New Morbid Terminology: Quicklime

Screenshot from Team Fortress 2 Video Game for Mann Co. Corpse Grad Quicklime, via Valve and Wiki for game

Screenshot from Team Fortress 2 Video Game for Mann Co. Corpse Grad Quicklime, via Valve and Wiki for game

If you’re a fan of murder-mystery novels, you’ve probably run across quicklime before. It’s commonly cited in detective and mob stories as a method for quick and anonymous disposal of a body. Usually, the body is laid out on a tarp or placed in a burial, and then to prevent it from smelling and speed decay it is covered with quicklime. In movies and TV shows, the quicklime effectively destroys the body so that identification is prevented. In the video game Team Fortress 2, you’ll see numerous bags of Mann Co. Corpse Grade Quicklime throughout their factory. Despite the fact that you don’t get to use the bags of quicklime, it clearly displays what they think the material should be used for. In 1898, Oscar Wilde wrote a poetic description of the burial of Charles Woodridge lying dead in a coffin packed with quicklime:

Eats flesh and bone away
It eats the brittle bone by night
And the soft flesh by day
It eats the flesh and bones by turns
But it eats the heart away
-Oscar Wilde, The Ballard of Reading Gaol 1898
Quicklime is a chemical compound known as calcium oxide (CaO), and is made through the thermal decomposition of limestone or other materials containing calcium carbonate in a lime kiln. The material is heated at high temperatures, and the remains are quicklime. Quicklime is not a stable material, and will react with CO2  from the air causing it to convert into heat energy. Due to this reaction, it is used as a source of heat and light. Due to lime being an akaline product, contact with skin can cause reactions that range from mild irritation to full scale burning. It was commonly used to create spectacular theatrical bursts of light prior to the invention of electricity, and when used this way was known as limelight. Quicklime does have uses for burials. In the Red Cross Emergency Relief Items Catalogue, quicklime and lime are listed as a tool for aiding in proper disposal of human remains that cannot be afforded a deep burial. However, the goal of the product is not to destroy the body but rather to prevent putrefaction that create odor, and attracts flies and animals. Quicklime was often used over plague or cholera burials to prevent the spread of disease, thought during this period to be transferred through noxious bad air known as miasma (a morbid term for another day). Again, in practical usage quicklime is being used not to destroy but to prevent disease from spreading.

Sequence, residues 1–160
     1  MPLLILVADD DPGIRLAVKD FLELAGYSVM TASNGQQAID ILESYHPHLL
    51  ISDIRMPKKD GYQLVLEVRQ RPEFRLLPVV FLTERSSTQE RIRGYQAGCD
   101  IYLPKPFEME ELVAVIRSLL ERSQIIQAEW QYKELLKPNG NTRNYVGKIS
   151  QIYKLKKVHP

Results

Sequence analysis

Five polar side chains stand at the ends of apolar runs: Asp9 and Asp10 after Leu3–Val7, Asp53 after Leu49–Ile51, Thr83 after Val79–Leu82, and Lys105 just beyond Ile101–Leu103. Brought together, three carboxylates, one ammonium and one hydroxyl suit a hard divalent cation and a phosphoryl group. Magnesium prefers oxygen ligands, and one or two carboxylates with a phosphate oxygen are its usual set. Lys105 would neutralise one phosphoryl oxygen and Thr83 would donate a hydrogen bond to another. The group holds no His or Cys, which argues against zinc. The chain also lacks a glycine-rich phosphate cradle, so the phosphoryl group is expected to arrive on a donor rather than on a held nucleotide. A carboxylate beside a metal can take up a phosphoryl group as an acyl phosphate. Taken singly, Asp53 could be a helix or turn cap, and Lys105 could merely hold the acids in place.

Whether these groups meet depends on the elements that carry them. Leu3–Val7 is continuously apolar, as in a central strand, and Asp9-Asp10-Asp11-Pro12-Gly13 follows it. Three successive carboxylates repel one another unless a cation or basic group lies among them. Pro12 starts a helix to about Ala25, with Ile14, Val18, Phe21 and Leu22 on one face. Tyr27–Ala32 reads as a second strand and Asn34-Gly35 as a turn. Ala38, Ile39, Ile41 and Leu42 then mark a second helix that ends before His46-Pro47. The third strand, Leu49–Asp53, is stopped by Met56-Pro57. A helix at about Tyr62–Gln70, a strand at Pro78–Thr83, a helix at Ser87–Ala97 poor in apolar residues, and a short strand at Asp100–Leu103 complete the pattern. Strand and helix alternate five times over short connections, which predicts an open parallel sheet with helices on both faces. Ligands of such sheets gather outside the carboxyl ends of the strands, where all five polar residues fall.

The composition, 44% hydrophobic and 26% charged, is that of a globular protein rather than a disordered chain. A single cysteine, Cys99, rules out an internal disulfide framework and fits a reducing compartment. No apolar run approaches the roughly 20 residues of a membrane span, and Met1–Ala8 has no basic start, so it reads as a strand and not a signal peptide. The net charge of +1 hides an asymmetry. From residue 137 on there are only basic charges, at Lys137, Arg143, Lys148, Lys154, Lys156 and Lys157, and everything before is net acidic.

Lime is one of the major finds in many forensics cases dealing with clandestine burials due to this popular notion of its ability to remove the identity of the deceased and destroy the remains. A new study by Schotsmans et al. (2012) used pig corpses to test different types of lime to see how it changed the remains. The pigs were put into graves, covered with different types and amounts of lime, buried, and were left for six months. Two pigs were buried with lime as the control group. The pigs buried without lime were mostly skeletonized and highly decayed, the two pigs buried with hydrated lime were very well preserved and had little decay, and the two pigs buried with quicklime were fairly preserved with some decay within the body. In general, they discovered that the lime was highly effective in preventing decay and protecting the body, rather than destroying it.
Pig burials: Upper Left- no treatment, Upper Right- hydrated lime, Lower Middle- quicklime, via Schotsmans et al. 2012

Pig burials: Upper Left- no treatment, Upper Right- hydrated lime, Lower Middle- quicklime, via Schotsmans et al. 2012

Quicklime isn’t just for clandestine and diseased burials. In the Iron Age, quicklime burials were the normal form of disposal for a cultural group in the Balearic Islands in Spain. The burials are often found in caves and rock shelters along the coast. Each burial usually contains the bones of a single individual and a number of warped metal artifacts. The bones from these burials have variation in their appearance from light brown to pale white in coloration, and some of the bone shows warping and cracking typical of bone that has been heated at high temperatures. Traditionally, these burials have been interpreted as being inhumation within quicklime that caused the body to quickly decay and change in composition similar to a cremation burial due to the chemical effects of quicklime. However, Van Strydonck et al. (2013) argue that based on earlier experimental studies like Schotsmans et al. (2012), the warping and discoloration similar to cremation could not be caused by quicklime because it is more likely to preserve than destroy. They argue instead, that the remains were cremated and then placed in the quicklime. They posit that the bodies of this Iron Age group were cremated within their grave. The grave was probably filled with crushed limestone, which when heated during the cremation process were turned into a quicklime lining.